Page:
Figure Skating

I have two reasons for watching as many figure skating competitions as I can. One is to get to know the skaters. The other is to spot a potential Paul Wylie or Dorothy Hamill.

Neither goal has been particularly successful. I have trouble telling all those Russian and Japanese skaters apart. And I’m still waiting to see a male skater like Paul Wylie or a female like Dorothy Hamill.

Dorothy Hamill is a particular mystery. Why has no one been able to figure out – and replicate – her magic? Is the problem that today’s emphasis on jumps and tricks get in the way of artistry?

Maybe not. I spent Sunday afternoon watching Skate America for three hours. The competition was just wrapping up, and the last skater took the ice – a Japanese teenager who just moved up from the junior level. I have watched so much figure skating that I can tell within three or four seconds whether the person on the ice is my kind of skater.

Oh, my. Kaori Sakamoto just floats on the ice. She came in second, beating the spectacular Evgenia Medvedeva, who is wonderful but doesn’t have that Hamill magic. (I will, I will learn those names.)

By now you’re probably wondering what all this has to do with writing. Sunday’s competition was a long one, and I saw – umpteen times – the same commercial for Homelight realty referral service. That meant that I heard this sentence endlessly repeated:

Homelight ranks over one million agents based on their actual track record.

Today I am asking you to put actual on your do-not-use word list. While you’re at it, put actually there too. (That doesn’t mean you’re not allowed to use these words. Geez – I just used actual on Quora five minutes ago! It means they have to convince you that they add something useful to a sentence.)

Here’s a little trick for finding (and eliminating) cutesy words that don’t enhance your writing. Ask if the word changes the meaning of the sentence.

Let’s try it:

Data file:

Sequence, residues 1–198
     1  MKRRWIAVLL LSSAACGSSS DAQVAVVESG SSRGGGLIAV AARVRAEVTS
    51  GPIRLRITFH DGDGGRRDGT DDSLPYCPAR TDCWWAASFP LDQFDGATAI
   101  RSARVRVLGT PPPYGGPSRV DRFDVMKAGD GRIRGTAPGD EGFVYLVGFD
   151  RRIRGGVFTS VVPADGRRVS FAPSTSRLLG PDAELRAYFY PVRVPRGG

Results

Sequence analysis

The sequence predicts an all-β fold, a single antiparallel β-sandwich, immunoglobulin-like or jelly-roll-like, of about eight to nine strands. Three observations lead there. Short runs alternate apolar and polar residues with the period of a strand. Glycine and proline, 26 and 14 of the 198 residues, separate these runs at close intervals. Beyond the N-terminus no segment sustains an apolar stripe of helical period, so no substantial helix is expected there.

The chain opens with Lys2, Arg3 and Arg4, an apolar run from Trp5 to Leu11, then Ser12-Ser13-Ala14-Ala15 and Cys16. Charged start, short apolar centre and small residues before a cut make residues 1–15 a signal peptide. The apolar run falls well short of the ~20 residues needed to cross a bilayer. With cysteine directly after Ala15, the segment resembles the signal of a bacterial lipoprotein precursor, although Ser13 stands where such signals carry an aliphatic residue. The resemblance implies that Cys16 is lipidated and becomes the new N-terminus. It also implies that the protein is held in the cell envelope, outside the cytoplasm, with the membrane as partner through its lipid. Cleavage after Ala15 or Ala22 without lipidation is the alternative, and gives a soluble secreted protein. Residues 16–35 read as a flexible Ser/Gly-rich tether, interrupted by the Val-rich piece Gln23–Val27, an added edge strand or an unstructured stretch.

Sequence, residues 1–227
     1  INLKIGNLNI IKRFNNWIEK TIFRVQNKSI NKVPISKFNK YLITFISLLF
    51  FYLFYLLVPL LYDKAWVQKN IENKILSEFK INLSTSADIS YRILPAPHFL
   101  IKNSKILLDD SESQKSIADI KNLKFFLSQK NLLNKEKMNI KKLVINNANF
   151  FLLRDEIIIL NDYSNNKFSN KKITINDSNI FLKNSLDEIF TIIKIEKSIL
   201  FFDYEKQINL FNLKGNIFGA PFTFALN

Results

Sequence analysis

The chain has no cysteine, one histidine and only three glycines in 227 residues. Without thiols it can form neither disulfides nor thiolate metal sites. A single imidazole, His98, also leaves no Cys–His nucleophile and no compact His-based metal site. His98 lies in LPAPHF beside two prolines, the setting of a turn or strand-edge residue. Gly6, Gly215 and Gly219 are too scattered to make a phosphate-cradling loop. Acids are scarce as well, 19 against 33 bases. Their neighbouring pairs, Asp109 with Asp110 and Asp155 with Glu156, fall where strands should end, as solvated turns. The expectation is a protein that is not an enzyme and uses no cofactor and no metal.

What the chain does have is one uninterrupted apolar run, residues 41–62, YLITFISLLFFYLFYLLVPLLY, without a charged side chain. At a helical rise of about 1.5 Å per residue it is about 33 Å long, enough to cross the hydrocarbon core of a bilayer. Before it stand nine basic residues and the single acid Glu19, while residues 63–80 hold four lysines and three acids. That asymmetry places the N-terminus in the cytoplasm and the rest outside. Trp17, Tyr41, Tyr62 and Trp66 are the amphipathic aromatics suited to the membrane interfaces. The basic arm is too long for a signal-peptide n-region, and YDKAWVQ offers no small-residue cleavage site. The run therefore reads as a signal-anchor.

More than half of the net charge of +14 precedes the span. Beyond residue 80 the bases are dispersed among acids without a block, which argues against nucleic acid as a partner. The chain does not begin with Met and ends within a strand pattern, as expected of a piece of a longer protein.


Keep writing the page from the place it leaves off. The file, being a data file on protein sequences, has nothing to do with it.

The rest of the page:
Her actual track record is excellent.

Her track record is excellent.

Actually, I like the pink sneakers better.

I like the pink sneakers better.

Thanks! I feel better now that I got that off my chest.

Japanese figure skater Kaori Sakamoto

           Kaori Sakamoto

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4 thoughts on “Figure Skating

  1. homelightcontent

    Hi Jean,

    Matt Proctor here, Head of Content for HomeLight. I wrote the ad you’re critiquing.

    First: I love what you’re doing. As someone who hires writers and works with them all day, I think blogs like these and teachers like you are crucial.

    I’d like to push back a little on the use of the word “actual” here though, if I may. I agree with your recommendation: writers should think critically about using that word before they place it, it should add value to the sentence.

    That’s what I tried to do here.

    For HomeLight, our product is different than other products that provide agent recommendations because we look objectively at the agent’s performance data and how it compares with the agents in their market. Other businesses offer agent recommendations but do so based on customer reviews or advertising spend by the agents.

    So, I chose to use the word “actual” in the phrase to signal this differentiator without explicitly saying it. At least, that was the thought behind the copy.

    Anyway, love the blog! If you know any good writers who’d like to write for our Seller Resource Center (https://www.homelight.com/blog/) please send them my way!

  2. ballroomdancer Post author

    Matt, you are charming – and a terrific writer! Thanks for the explanation. I will recommend HomeLight to my writer friends.
    I would suggest using “accurate” or “precise” or “up-to-date” instead of “actual.” Better yet – how about a word you used yourself: “objective”?
    Warmly, Jean

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